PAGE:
Boyd, Robert .
Exploring Plant Elemental Defenses: Conceptual Models of the Defensive Enhancement and Joint Effects Hypotheses.
The concept of plant elemental defenses originated as an explanation for extremely elevated concentrations of some elements (termed hyperaccumulation) in tissues of some plant species (called hyperaccumulators). Here I further develop elemental plant defense by presenting conceptual modelsof two new related hypotheses. The Defensive Enhancement Hypothesis (DEH) suggests that hyperaccumulation evolved from relatively low levels of elements that provided plants with defensive benefits against their natural enemies. In this scenario, after an initial defensive benefit accrued from a relatively low initial concentration, increased concentration of an element provided increased plant fitness. This in turn allowed natural selection to favor greater and greater elemental concentrations, until hyperaccumulation levels were achieved. Critical to the DEH is occurrence of defensive effects of elements at relatively low concentrations: this has been demonstrated in recent experiments against some plant natural enemies. The second new hypothesis (Joint Effects Hypothesis) postulates that additive or synergistic effects between more than one elemental defense, or between an elemental and an organic chemical defense, may have contributed to the evolution of hyperaccumulation. By lessening the concentration of an element necessary to provide an initial defensive benefit to a plant, joint effects could decrease the level of an element that provides an initial defensive benefit and so allow defensive enhancement to take effect. Recent experimental tests, of both element/element and element/organic compound combinations, have shown joint effects that support this hypothesis. Together, these hypotheses suggest how hyperaccumulator plants may have evolved in response to plant-natural enemy interactions. They also illustrate the potential importance of elemental defenses to plant ecology and evolution by suggesting that elemental levels below those used to define hyperaccumulation may be ecologically effective.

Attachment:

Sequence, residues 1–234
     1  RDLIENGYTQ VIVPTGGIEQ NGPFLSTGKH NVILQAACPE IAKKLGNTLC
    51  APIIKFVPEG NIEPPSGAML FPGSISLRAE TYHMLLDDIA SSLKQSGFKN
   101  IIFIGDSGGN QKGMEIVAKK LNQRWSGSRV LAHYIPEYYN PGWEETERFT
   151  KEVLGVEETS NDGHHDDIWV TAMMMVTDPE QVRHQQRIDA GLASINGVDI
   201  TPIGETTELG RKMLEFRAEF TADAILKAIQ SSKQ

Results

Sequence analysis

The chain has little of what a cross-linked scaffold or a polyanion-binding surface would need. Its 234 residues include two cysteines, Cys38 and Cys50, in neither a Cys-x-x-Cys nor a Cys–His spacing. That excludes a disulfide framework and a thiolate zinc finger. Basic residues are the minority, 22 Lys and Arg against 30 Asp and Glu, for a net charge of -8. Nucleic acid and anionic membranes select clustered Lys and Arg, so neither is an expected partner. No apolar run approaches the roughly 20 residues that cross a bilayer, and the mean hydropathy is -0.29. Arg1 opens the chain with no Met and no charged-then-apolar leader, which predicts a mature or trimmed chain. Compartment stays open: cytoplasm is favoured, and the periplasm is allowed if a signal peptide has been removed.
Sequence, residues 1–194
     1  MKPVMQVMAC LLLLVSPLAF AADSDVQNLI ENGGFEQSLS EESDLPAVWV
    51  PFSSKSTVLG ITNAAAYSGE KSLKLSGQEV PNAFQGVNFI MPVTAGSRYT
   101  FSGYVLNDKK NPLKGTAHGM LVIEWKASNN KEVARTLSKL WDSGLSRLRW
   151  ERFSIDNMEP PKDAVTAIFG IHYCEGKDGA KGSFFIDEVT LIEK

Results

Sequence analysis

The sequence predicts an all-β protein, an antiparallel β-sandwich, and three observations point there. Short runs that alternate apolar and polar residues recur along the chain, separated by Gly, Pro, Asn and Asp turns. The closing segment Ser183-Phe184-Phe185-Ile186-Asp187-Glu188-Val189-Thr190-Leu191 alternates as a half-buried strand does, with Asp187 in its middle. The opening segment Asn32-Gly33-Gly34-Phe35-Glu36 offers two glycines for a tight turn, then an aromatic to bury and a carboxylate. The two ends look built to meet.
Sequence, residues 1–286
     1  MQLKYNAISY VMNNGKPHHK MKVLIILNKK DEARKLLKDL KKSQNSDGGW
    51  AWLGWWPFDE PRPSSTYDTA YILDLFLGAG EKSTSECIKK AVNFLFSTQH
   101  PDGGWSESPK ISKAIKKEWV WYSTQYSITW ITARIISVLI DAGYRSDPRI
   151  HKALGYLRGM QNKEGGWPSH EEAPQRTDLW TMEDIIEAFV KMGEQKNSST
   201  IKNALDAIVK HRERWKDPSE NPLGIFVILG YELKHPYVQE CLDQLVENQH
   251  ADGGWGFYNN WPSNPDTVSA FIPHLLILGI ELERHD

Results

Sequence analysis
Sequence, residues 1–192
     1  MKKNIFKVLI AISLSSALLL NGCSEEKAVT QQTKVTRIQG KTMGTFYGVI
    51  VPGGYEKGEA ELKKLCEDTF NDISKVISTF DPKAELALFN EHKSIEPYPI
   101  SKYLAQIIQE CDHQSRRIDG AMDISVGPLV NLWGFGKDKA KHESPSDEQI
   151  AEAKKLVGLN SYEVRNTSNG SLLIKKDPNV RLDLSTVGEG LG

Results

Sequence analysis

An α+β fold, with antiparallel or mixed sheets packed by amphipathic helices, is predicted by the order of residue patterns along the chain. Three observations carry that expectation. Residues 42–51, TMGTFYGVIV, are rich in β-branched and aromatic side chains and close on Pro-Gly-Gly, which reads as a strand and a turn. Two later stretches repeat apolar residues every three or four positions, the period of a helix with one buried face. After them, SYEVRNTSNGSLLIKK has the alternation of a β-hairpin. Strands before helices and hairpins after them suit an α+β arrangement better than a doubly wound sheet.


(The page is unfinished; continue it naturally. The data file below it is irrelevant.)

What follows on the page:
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1 - Auburn University, Department Of Biological Sciences, 101 LIFE SCIENCES BLDG, AUBURN UNIVERSITY, AL, 36849-5407, USA
Presentation Type: Oral Paper:Papers for Sections
Location: Franklin B/Hyatt
Date: Wednesday, July 11th, 2012
Time: 10:30 AM